4. The processor of claim 1 , wherein the MMU is to find the multi-page P/R check hint in one of a page directory base register, a core control register, and a processor context switch state save area.
5. The processor of claim 1, wherein the MMU is to find the multi-page P/R check hint, and wherein the multi-page P/R check hint is to apply to a logical address range which is to be a subset of an entire logical address range of a process that is to correspond to the first logical address.
6. The processor of claim 1, wherein the MMU is to find the multi-page P/R check hint in a hierarchical paging structure that is to be at a hierarchical level between a page directory base register and a page table.
7. The processor of claim 6, wherein the multi-page P/R check hint is to be stored in one of a directory of page directory pointer tables entry, a page-directory-pointer table (PDPT) entry, and a page-directory table (PD) entry.
8. The processor of any one of claims 1 to 7, wherein the MMU is to find the multi- page P/R check hint, and wherein the MMU is to check the P/R indication which is to be an
EPCM.E bit in an enclave page cache map (EPCM).
9. The processor of any one of claims 1 to 7, wherein the MMU is to check for the multi-page P/R check hint which is to indicate whether the MMU is to check for the P/R indication of whether a page corresponding to the first logical address is a regular page or a secure enclave page.
10. The processor of any one of claims 1 to 7, wherein the MMU is to:
if the multi-page P/R check hint is found, store an indication of whether a page corresponding to the first logical address is a protected container page, as indicated by the P/R indication, in a TLB entry in the at least one TLB; and
if the multi-page P/R check hint is not found, store an indication that the page is a regular page in the TLB entry.
11. The processor of any one of claims 1 to 7, wherein the MMU is to find the multi- page P/R check hint, and further comprising a memory access unit and a memory encryption and decryption unit, wherein:
the memory encryption and decryption unit is to access a page corresponding to the first logical address if the P/R indication is to indicate that the page is a protected container page; and the memory access unit is to access the page, bypassing the memory encryption and decryption unit, if the P/R indication is to indicate that the page is a regular page.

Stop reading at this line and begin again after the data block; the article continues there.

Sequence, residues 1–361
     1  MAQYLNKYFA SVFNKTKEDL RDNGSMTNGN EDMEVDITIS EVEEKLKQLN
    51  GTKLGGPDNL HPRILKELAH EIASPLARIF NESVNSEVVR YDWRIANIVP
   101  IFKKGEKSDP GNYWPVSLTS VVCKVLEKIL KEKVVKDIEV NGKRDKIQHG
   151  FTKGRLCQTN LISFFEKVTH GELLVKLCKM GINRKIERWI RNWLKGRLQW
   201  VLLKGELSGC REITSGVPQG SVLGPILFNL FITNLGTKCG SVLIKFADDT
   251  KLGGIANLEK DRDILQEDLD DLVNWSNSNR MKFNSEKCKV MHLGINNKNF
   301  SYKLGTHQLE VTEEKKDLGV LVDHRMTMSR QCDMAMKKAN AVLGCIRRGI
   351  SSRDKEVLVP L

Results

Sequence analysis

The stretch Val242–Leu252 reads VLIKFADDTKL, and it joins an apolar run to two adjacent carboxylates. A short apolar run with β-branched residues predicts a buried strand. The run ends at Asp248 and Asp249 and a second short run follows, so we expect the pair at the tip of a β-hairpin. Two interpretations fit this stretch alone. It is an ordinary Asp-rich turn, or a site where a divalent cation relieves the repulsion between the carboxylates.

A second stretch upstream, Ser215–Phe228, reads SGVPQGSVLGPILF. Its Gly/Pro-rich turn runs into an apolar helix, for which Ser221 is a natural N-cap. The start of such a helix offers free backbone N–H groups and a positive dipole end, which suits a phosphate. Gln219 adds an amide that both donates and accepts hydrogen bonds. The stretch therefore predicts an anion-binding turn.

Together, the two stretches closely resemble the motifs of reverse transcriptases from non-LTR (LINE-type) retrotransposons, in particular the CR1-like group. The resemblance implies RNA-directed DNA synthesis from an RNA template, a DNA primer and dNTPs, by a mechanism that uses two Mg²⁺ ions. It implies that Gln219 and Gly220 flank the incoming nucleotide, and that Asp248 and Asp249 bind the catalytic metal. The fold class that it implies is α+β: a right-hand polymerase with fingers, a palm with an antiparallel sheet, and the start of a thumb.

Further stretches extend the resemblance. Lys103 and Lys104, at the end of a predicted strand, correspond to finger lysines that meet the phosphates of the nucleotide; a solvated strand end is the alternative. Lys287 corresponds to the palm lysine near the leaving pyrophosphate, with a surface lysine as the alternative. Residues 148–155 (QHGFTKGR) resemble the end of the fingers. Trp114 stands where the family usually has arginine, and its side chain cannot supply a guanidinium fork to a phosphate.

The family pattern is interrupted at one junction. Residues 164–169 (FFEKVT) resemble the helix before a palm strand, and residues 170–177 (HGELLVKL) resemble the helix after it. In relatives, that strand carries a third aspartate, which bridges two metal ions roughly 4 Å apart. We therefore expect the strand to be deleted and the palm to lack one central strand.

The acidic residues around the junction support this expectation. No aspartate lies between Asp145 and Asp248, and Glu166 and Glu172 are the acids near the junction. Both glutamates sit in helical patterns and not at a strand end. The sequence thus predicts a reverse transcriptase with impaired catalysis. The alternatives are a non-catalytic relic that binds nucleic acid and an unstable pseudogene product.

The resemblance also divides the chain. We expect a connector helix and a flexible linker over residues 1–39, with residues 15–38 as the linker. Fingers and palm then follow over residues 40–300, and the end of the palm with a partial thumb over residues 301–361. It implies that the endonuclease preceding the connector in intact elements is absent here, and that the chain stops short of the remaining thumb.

12. An apparatus to manage pages comprising:
a protected container page versus regular page conversion module, the conversion module to convert protected container pages to regular pages, and to convert regular pages to protected container pages; and
a multi-page protected container page versus regular page (P/R) check hint module communicatively coupled with the conversion module, the multi-page P/R check hint module to store a multi-page P/R check hint, wherein the multi-page P/R check hint is to provide a hint to a processor of whether the processor is to check P/R indications for multiple pages.
13. The apparatus of claim 12, wherein the multi-page P/R check hint module is to store the multi-page P/R check hint which is to apply to an entire logical address space of a process.
14. The apparatus of claim 12, wherein the multi-page P/R check hint module is to store the multi-page P/R check hint which is to apply to a logical address range that is to be a subset of an entire logical address range of a process.
15. The apparatus of claim 12, wherein the multi-page P/R check hint module is to store the multi-page P/R check hint in one of a page directory base register and a hierarchical paging structure that is to be at a hierarchical level between the page directory base register and a page table.
16. The apparatus of claim 12, wherein the conversion module comprises a protected container page grouper module to group protected container pages in pages hierarchically below an entry in a set of hierarchical paging structures, and wherein the multi-page P/R check hint module is to store the multi-page P/R check hint in the entry.
17. The apparatus of any one of claims 12 to 16, wherein conversion module is to store the P/R indications in an enclave page cache map (EPCM).